Paleoceanographic proxy data indicate that the Agulhas leakage into the South Atlantic was dramatically reduced during glacial times. In our former papers, we suggested that this was due to a northward shift of the zero wind stress curl that, in turn, forced the retroflection to occur farther north, where the slant of the coastline relative to the north is steep. In the present paper, we propose that strong westerlies (0.4 Pa, implying a wind speed of ∼12 m s–1 at zero degrees centigrade), which were supposedly common during glaciations, can also arrest the leakage. This arrest occurred because the wind stress opposed the momentum flux associated with the retroflection; such an arrest did not require the retroflection to shift in latitude.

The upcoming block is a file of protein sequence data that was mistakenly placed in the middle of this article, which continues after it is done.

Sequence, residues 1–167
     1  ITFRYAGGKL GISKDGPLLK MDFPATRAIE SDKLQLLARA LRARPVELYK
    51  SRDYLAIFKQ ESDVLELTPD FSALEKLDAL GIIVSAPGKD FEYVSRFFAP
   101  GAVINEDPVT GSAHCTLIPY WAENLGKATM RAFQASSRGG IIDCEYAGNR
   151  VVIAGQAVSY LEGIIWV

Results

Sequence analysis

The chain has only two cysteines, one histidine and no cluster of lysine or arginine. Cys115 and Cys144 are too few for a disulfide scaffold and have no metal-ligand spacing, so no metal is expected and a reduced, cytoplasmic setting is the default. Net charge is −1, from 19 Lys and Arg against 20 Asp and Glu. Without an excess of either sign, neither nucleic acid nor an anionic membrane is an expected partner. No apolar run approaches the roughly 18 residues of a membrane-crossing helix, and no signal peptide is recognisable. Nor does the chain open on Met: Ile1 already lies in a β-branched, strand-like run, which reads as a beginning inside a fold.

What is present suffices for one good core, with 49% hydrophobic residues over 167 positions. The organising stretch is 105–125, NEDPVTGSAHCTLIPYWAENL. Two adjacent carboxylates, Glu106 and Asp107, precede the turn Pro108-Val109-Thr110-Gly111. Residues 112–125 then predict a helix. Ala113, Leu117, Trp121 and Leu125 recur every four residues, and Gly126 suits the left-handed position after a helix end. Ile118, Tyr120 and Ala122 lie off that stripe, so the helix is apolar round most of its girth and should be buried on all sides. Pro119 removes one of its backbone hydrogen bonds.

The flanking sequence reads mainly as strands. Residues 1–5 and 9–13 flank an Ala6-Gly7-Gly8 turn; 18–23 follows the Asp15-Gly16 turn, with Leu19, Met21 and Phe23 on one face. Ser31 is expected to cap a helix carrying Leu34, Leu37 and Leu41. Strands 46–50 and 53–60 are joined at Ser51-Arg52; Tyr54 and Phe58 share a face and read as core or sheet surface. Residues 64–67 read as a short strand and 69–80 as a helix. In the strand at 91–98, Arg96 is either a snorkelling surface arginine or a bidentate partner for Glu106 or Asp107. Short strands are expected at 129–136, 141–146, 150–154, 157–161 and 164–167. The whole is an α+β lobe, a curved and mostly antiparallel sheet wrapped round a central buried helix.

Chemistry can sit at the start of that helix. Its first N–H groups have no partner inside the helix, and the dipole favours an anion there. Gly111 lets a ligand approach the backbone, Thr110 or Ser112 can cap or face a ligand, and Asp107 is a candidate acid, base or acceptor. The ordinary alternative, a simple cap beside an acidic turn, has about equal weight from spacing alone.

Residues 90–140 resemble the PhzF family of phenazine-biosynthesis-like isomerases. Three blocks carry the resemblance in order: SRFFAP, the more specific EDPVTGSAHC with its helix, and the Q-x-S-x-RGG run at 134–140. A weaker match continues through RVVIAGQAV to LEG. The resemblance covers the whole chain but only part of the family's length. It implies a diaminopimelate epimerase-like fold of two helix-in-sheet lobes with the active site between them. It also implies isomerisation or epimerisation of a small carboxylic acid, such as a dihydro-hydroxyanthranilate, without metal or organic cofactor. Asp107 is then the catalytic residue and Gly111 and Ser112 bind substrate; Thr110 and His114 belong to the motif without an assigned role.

Jounral of Marine Research
Nof, Doron; Zharkov, Volodymyr; Ortiz, Joseph; Paldor, Nathan; Arruda, Wilton; Chassignet, E P (2011). The Arrested Agulhas Retroflection. Jounral of Marine Research 69(4-6) 659-691. doi: 10.1357/002224011799849453. Retrieved from https://oaks.kent.edu/geolpubs/31